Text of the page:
Then there is the matter of corporate espionage. Chinese companies have often been accused of intellectual property theft. Copycat industries have been very common in the Chinese tech world. Consequently, there is no dearth of such allegations against Huawei. But frankly it is difficult to scapegoat a single company for such practices which are considered a norm in the industry. Samsung and Apple were locked in a legal battle for years after all. Samsung, a South Korean company, eventually prevailed. But even as the lawsuit dragged on, there was no doubt in anyone’s mind that Samsung had borrowed (of course it is a euphemism) the sync technology from Apple. So, the long story short, it is not unusual to see tech companies stealing from each other. Otherwise the market would still be dominated by Apple, the true pioneer of the smartphone technology. And yet Huawei managed to beat it last year to relegate it to the third position in the mobile sales.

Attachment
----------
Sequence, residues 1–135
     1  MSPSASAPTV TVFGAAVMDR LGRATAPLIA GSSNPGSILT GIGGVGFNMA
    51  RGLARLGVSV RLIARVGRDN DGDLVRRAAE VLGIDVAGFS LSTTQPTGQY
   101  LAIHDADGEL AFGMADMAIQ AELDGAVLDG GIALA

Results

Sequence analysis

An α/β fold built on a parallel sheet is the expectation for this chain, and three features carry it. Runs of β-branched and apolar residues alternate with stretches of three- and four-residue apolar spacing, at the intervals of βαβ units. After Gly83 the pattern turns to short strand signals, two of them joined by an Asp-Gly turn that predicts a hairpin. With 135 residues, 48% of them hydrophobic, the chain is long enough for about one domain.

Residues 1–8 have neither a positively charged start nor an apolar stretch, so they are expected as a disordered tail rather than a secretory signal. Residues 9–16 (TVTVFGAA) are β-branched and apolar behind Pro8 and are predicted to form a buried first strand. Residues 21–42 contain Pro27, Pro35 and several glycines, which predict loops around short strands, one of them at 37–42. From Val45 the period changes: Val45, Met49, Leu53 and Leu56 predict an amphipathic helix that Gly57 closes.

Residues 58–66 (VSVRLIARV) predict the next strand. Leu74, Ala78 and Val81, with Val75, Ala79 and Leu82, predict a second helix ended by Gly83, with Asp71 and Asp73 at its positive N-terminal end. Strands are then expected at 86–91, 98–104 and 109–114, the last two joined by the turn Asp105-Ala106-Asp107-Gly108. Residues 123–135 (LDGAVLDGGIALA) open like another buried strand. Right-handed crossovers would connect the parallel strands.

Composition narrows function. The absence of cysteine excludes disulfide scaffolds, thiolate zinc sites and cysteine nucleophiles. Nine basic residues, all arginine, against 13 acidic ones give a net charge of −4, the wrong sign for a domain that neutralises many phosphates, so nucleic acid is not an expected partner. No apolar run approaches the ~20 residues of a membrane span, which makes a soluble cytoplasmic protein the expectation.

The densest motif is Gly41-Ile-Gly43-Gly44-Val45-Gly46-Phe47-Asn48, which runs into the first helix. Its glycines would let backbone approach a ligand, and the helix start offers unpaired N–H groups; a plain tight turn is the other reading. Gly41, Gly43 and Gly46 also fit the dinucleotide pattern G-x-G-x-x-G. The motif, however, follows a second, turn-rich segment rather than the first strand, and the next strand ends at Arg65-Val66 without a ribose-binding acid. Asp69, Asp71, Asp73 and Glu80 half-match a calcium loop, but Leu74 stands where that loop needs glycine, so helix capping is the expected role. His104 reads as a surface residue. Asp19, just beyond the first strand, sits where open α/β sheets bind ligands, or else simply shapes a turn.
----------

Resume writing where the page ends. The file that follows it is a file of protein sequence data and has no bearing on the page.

Also since Huawei also supplies other equipment related to networks and communication and has been around for a long time, it is ideally placed to take advantage of the technological lead in the field of 5G technology. So advanced, in fact, is the company in the field that since the US decision not to involve it in setting up of its domestic 5G infrastructure that its companies have struggled to step up to the plate and the UK has chosen to earn America’s ire but not to lose business with Huawei. Did it have anything to do with Theresa May eventually throwing in the towel and announcing stepping down? We wouldn’t know. But this is a high stakes game and the US is adamant.

Shortly after Google, other US and western companies followed suit. Microsoft (Huawei also manufactures excellent laptops), Qualcomm, Gorilla Glass manufacturer Corning, Broadcom and many other manufacturers have announced their boycott of Huawei. SD alliance and Wi-Fi alliance both seem to be leaning in the same direction. Huawei may not be able to use SD cards in its phones pretty soon.